But this laugh-fest isn't the only trick up Kennedy's sleeve. There are a myriad of surprises coming our way.
He's in the Jessica Simpson vehicle, Blonde Ambition , which co-stars Andy Dick and She from She's All That (Rachel Lee Cook). Then, there's the fall network television lineup, which will showcase him in Fox's “Me & Lee?” as a dentist who gets a super bionic back from '70s icon, Lee Majors, a.k.a. “The Six Million Dollar Man.”
Television has been his milieu since the advent of his highly successful program “The Jamie Kennedy Experiment.” The show, which had a premise similar to that of classic programs like “Candid Camera” and later, “Punk'd” was groundbreaking.
Not since Eddie Murphy had another comedian successfully portrayed so many characters. During the show's three-season run on the bygone WB network (it now runs in syndication on cable's G4 network), Kennedy played pranks on unsuspecting victims by utilizing the wonders of prosthetic makeup and his spot-on knack for racial and gender mimicry. With his exuberant delivery of the show's catch phrase, “You've been X'ed!” he led the WB to its highest ratings in that network's history.
Lightning was bound to strike twice with Kennedy's mockumentary show “Blowin' Up,” which debuted on MTV in 2006. Loyal fans tuned in each week to see Jamie and good friend Stu Stone play caricatures of themselves, as wannabe rap stars seeking a recording contract. Actors like American Pie's Jason Biggs, “Full House” dad, Bob Saget and even Academy Award-winning rappers, Three 6 Mafia provided laughs in some of the more notable episodes.
Kennedy's a true fan of rap music's elite like Run DMC, LL Cool J, EPMD, Big Daddy Kane and Snoop Dogg, and it shows. The guy can flow.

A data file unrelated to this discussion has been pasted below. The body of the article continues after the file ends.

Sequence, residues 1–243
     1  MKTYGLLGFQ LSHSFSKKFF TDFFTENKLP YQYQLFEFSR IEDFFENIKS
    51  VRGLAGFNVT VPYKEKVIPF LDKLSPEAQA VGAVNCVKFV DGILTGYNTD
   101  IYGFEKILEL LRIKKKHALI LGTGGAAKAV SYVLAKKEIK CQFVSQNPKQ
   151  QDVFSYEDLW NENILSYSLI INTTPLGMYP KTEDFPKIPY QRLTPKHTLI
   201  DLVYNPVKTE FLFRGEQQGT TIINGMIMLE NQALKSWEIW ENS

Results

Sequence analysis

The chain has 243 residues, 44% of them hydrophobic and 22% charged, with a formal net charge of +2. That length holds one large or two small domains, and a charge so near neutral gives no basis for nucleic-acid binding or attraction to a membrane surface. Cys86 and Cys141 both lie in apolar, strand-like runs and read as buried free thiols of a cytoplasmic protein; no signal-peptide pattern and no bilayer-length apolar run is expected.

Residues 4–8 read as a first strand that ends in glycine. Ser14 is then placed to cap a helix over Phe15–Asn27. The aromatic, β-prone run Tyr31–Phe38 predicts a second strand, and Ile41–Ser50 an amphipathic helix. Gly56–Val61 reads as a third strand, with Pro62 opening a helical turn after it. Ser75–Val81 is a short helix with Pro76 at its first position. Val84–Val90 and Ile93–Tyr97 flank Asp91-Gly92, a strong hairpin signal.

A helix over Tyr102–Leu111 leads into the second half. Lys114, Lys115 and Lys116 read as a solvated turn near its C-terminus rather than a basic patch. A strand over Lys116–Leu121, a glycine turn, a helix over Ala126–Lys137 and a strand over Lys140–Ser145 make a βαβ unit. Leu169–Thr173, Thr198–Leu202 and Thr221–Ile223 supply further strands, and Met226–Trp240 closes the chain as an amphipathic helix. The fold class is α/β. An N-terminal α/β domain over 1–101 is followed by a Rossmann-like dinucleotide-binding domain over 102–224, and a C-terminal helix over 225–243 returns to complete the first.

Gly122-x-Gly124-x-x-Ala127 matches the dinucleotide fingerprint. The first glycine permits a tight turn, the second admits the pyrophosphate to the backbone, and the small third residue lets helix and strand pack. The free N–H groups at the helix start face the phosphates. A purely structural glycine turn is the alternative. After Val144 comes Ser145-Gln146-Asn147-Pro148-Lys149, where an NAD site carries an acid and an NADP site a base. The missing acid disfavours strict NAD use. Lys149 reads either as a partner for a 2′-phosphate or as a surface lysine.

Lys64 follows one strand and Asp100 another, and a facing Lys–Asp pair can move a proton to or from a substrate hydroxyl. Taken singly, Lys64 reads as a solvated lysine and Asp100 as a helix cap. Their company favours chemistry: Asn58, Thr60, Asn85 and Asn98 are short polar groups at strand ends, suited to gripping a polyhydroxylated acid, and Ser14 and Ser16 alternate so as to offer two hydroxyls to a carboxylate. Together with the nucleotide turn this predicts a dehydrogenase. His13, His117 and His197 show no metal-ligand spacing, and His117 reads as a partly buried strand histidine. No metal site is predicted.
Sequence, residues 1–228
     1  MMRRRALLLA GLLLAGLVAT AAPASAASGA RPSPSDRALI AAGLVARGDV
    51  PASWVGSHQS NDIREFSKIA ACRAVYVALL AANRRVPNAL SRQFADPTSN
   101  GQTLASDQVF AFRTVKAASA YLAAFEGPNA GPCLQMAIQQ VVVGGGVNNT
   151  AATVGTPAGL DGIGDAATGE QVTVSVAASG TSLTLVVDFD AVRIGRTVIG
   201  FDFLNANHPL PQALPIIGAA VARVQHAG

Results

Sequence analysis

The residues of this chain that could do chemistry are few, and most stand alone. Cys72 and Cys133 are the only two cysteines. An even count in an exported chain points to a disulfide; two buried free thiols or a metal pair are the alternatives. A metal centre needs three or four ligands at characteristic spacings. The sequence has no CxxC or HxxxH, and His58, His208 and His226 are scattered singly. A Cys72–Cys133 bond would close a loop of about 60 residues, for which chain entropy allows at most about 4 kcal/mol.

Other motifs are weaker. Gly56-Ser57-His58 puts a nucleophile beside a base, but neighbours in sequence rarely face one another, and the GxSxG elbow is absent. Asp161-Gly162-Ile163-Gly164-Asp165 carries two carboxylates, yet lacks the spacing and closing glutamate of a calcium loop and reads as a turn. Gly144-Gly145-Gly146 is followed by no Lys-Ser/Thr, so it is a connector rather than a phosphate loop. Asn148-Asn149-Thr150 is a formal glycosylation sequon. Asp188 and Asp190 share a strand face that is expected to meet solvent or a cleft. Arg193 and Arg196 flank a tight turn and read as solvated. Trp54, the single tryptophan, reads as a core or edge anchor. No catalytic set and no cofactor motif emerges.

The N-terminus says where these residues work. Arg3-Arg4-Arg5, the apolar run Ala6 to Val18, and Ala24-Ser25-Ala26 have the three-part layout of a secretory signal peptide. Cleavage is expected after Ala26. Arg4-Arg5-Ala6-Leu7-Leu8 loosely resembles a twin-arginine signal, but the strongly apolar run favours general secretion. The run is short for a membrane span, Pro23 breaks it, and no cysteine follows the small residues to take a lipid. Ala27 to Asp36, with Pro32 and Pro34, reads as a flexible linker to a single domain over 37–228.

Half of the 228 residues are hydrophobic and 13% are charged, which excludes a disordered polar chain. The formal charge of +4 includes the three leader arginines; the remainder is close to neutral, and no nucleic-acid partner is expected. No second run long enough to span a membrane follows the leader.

Still, he laments that he and Stone were probably a bit too good at their portrayals. The show, which had a similar vibe to the widely popular HBO property, “Curb Your Enthusiasm,” blurred the line between fact and fiction. So much, that it was often difficult to tell which aspects of it were actually real.
“We had a song called ‘Rollin' with Saget,'” he says. “I mean, how serious is that?”
Ultimately, the show met its demise due to disappointing ratings as a result of poor promotion.
“The whole thing was that the show was great product,” Kennedy explains. “My fans loved it, but MTV didn't really market it. I worked so hard on it.”
One gets the feeling that Kennedy feels some frustration about his hard work not reaping greater dividends. Currently, there are other comedians who have achieved great fame and recognition with only a fraction of the skills and creative endowment that he has.
Which begs the question: Where does Jamie Kennedy see himself in 10 years? A guy with insurmountable talent like his, who has tried everything and still reaches for the top, has to have a master plan. After pondering this for a moment, he confesses, “Hopefully, doing movies, some drama, some thrillers and producing.”
If, in fact, acting continues to hold his interest, he's very honest about his intentions when it comes to choosing his parts.
“I sometimes take a job to work with somebody. Sometimes I take a part to get my name out there.”
Regardless of the catalyst or the overall genre that captivates his fancy, fans are sure to remain allegiant to his affable demeanor, razor sharp comedic style, urban-culture handsomeness and eagerness to make everything he's attached to funny. While nothing in life is guaranteed, one can still rest assured that this star will be slaving for your laughter, no matter how hard he has to work to get it.
Kickin' It Old Skool releases in theaters April 27.